Evangelism, Prayer & Scripture

“I find it tremendously valuable to have my prayers guided by Scripture. As I pray about sharing the gospel with others, or as I pray for those who do not yet know the Lord, there are many passages from the Bible that can give focus and direction. Here are just a few of them.

1. There is work to be done

Matthew 9:37-38
Then he said to his disciples, “The harvest is plentiful, but the laborers are few; therefore pray earnestly to the Lord of the harvest to send out laborers into his harvest.”

2. Jesus has commanded you to do it

Matthew 28:18-20
And Jesus came and said to them, “All authority in heaven and on earth has been given to me. Go therefore and make disciples of all nations, baptizing them in the name of the Father and of the Son and of the Holy Spirit, teaching them to observe all that I have commanded you. And behold, I am with you always, to the end of the age.”

3. Success is guaranteed

John 10:16
And I have other sheep that are not of this fold. I must bring them also, and they will listen to my voice. So there will be one flock, one shepherd.

4. Jesus is the only salvation

John 14:6
Jesus said to him, “I am the way, and the truth, and the life. No one comes to the Father except through me.”

5. You were given the Holy Spirit for this purpose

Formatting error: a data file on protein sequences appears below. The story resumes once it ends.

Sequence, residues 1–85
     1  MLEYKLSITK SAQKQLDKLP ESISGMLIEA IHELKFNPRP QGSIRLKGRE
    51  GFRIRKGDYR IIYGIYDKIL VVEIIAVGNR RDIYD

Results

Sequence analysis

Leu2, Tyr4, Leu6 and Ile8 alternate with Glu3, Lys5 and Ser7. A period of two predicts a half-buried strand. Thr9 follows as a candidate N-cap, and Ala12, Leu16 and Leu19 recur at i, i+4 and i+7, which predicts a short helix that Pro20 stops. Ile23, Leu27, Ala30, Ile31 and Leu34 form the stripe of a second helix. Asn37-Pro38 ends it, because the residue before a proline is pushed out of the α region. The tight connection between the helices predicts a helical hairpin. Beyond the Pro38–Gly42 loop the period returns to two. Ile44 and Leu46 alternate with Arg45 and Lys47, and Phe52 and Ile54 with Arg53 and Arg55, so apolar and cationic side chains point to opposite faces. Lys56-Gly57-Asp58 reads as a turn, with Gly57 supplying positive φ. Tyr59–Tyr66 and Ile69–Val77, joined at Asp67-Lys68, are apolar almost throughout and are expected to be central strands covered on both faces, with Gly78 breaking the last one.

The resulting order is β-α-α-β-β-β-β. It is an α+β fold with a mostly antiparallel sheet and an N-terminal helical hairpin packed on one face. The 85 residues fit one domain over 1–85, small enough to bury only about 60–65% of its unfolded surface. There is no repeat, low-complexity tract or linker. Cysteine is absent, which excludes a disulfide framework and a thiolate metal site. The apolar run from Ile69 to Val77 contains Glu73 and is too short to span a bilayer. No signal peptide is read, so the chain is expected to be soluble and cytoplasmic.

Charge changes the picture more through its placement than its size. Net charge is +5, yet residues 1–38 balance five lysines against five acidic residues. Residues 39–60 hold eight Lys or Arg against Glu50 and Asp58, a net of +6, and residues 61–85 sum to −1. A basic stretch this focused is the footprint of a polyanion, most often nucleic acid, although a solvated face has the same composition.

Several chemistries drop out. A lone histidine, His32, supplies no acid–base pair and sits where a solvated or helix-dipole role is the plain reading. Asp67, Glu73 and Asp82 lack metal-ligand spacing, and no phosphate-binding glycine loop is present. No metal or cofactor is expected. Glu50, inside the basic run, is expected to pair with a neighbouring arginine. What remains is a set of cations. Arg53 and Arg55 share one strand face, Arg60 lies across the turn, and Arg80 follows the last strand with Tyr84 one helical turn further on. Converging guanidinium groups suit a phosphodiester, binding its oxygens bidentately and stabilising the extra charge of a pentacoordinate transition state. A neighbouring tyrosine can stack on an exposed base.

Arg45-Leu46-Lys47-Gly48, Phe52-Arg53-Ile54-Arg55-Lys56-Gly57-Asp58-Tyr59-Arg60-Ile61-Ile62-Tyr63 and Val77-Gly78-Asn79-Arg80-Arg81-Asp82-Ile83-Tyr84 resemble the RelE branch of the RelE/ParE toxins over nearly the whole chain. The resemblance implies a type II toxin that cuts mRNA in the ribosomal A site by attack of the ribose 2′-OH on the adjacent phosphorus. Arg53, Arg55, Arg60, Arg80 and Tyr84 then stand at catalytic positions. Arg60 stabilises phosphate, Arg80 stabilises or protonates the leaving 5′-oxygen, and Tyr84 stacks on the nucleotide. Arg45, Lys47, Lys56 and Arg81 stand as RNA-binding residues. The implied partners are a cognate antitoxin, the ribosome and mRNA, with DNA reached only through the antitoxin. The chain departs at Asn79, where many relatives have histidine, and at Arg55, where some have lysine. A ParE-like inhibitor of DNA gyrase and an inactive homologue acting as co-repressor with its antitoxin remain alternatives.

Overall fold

Acts 1:8
But you will receive power when the Holy Spirit has come upon you, and you will be my witnesses inJerusalem and in all Judea andSamaria, and to the end of the earth.

6. People won’t be saved without hearing

Romans 10:11-15
How then will they call on him in whom they have not believed? And how are they to believe in him of whom they have never heard? And how are they to hear without someone preaching? And how are they to preach unless they are sent? As it is written, “How beautiful are the feet of those who preach the good news!”

7. Evangelism is necessary for your own growth in Christ

Philemon 6
And I pray that the sharing of your faith may become effective for the full knowledge of every good thing that is in us for the sake of Christ.”

-Tim Challies, 03-19-2012, http://www.challies.com/resources/7-scripture-texts-about-evangelism

The Next Billy Graham Might Be Drunk Right Now

I know this is several weeks old, but it is definitely worth mentioning. I just stumbled across a great post by Russell Moore. He quotes Carl F. H. Henry and gives reasons for encouragement about the future of the kingdom of God on earth, despite the many discouragements in modern evangelicalism.

““Why, you speak as though Christianity were genetic,” he said. “Of course, there is hope for the next generation of evangelicals. But the leaders of the next generation might not be coming from the current evangelical establishment. They are probably still pagans.”